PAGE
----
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Muddling through a tough developmental season, do the lopsided losses matter?

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Why is St. John's taking on so many lopsided losses? Should the fans be worried? An exploration into what we're seeing on the court from the men's basketball team.

Geoff Burke-USA TODAY Sports

Instead of a Three Takeaways, let's take a moment to parse this tweet.

Last night, St. John's lost by 25 points, their sixth loss of 20 points or more. (We don't need to engage in semantics about how St. John's has only lost by 30 twice.) By comparison, last year's team lost by 20 or more three times, and had four losses of ten points or more. They also had 21 wins, so that brushes some of that under the table.

This team has lost by ten or more points seven times. And last year's team didn't lose to Incarnate Word by 22.

Clearly, this is a lost season on the court, as St. John's rebuilds.

Things our regular readers know: this year is hard to watch.

The St. John's team is truly awful at scoring the ball, shooting under 40% on two-pointers in conference play. How, you may ask, can major conference players be this bad at scoring?

They don't get to the free throw line enough, and when they do, they miss a lot (65% shooting, last in the Big East). How, can players who have been playing basketball for years, miss so many free throws?

The defense, outside of forcing turnovers, isn't good at stopping opponents. How can so many players struggle to keep the score close?

Should St. John's be faring better? Is this on the coaching more than the players? Why is St. John's this bad after reaching the NCAA Tournament last year?

Chris Mullin's team is putting up some rough numbers.

Sure, his team could play slowly, try to drain the clock, and lose by fewer points each game, make the final score look better.

But that's not the point of this developmental season, not the scheme, not the culture that his staff is trying to build.

St. John's is 26th in pace nationally - racking up a high number of possessions (for the uninitiated, let's say shots + turnovers) each game. Last night, we saw St. John's try to run fairly quick sets - for example, the weave at the top of the arc, then a screen from the center at the free throw line while a guard dribbles hard to the rim.

That play and others have generated solid-looking shots, shots that this team hasn't been able to get to fall.

That's partly the training. But it's also the talent, and at this level, talent and maturity matter.

By the rankings, which do have solid predictive power, most of these players shouldn't be seeing more than spot minutes at a program that actually returned league-average talent. Luke Winn's Freshman Realism Project is very helpful - and it only covers why you shouldn't expect huge things from the top-100 players.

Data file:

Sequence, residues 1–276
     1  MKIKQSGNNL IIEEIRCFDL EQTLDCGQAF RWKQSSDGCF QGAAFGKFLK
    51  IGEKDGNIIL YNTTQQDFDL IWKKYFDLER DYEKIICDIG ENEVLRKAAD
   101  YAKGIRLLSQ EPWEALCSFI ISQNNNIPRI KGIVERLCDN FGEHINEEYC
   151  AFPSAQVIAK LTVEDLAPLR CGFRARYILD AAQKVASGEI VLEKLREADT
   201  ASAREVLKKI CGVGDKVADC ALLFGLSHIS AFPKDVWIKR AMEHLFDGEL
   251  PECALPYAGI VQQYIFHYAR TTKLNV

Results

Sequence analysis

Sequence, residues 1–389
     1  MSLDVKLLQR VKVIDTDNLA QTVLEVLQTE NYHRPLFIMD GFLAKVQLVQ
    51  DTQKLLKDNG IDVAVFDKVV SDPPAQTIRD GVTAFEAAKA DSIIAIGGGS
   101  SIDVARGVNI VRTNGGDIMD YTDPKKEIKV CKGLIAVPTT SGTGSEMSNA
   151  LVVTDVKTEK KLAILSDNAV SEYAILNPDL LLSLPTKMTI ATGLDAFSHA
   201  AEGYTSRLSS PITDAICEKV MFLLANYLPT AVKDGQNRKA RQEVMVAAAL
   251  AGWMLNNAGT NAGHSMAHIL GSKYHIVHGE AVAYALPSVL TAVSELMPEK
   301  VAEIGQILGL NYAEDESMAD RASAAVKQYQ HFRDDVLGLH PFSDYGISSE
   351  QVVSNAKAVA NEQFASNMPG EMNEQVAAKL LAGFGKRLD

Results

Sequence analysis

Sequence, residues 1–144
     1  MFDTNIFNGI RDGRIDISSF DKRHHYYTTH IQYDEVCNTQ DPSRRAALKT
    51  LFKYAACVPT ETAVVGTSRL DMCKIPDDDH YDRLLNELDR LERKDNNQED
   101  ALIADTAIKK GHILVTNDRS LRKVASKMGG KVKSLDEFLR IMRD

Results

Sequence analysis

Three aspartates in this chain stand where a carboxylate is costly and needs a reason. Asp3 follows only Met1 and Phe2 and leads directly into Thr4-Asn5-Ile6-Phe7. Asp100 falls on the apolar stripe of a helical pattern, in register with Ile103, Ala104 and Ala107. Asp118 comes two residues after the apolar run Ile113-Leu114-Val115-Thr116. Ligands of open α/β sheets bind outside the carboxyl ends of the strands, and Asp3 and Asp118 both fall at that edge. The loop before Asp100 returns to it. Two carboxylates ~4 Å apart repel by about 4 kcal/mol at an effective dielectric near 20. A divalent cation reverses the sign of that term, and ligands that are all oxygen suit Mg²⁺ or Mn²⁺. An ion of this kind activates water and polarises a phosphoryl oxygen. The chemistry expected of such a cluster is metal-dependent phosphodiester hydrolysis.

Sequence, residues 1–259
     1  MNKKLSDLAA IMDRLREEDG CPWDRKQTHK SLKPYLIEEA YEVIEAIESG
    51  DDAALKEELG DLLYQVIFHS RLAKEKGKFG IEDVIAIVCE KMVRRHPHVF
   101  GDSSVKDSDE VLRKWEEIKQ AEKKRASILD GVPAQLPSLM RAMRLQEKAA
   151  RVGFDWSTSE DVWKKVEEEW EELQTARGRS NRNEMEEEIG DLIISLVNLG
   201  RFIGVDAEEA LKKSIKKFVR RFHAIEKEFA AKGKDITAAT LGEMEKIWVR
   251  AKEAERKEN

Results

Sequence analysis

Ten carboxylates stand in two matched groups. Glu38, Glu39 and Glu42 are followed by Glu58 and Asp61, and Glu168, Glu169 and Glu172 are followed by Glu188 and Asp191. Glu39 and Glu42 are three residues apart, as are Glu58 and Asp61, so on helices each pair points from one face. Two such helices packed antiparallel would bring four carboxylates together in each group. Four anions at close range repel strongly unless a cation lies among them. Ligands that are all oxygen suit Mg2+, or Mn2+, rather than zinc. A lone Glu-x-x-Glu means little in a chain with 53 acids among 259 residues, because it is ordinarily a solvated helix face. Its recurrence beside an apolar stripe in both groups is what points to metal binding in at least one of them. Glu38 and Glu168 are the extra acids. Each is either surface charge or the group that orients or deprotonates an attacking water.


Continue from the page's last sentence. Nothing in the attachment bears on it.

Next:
The current team has two players who graded out at four stars; one of those players, Marcus LoVett, is sidelined by NCAA eligibility rules.

This team is also lacking in experience; upwards of 95% of last year's minutes played are gone (returning minutes don't mean everything, but they do mean something). Ron Mvouika and Durand Johnson should be role players, filling in gaps.

The offensive leaders of the next two years may not be here yet - or may be honing their craft on the court, where in another program, they would be testing their skills in practice.

Few of these players can finish around the rim in the way that JUCO recruit Bashir Ahmed can.

Or hit off balance shots like incoming freshman Shamorie Ponds.

Or are as devastatingly quick as Marcus LoVett.

Or can score like Richard Freudenberg.

Better talent should mean better results on offense. And an offseason of strength training, shooting training and a college conditioning program should help the current freshmen, who will have major roles to play. (Each of them could use a lot more muscle, as could the incoming freshmen.)

Defensively may be another story, especially on the perimeter, where the Johnnies will have three six-foot tall guards. And rebounding will be a question mark; Ahmed and Darien Williams will need to provide some defensive rebounds to end possessions next season. Both Tariq Owens and Yankuba Sima need more strength in the post.

Still, Mullin is installing a style on that end of the court. St. John's. John's has looked to do what most fast-paced teams try to do - force turnovers, apply looks to get run-outs, easy shots.

Those shots have been there, even if they have not fallen.

It's hard to judge how effective this scheme will be in the long-term without seeing the team with more of the right players in it, players who match up skill-wise and physically.

Mullin isn't a coach trying to hang on to his job by making the losses look close, he's a coach trying to instill an aggressive, fast-paced offense.

There are reasons to house some skepticism - Chris Mullin has never been a head coach, and has been involved in basketball on the NBA level, with the world's best basketball athletes. And at times in the blowouts, the team looks lost for a solution.

So, can this kind of speed work for St. John's? Can Mullin teach it to players so much less experienced in basketball? Can they play fast on offense and also cover the perimeter on defense?

It's hard to have a verdict this early, big losses or not.

Keep in mind the recent past: St. John's senior-lade team won 21 games last year with seniors. But when they came, ranked as a top-3 recruiting class, that team managed a 13-18 record with a player who went to the NBA after his freshman year.

That team lost six games by 20 or more points.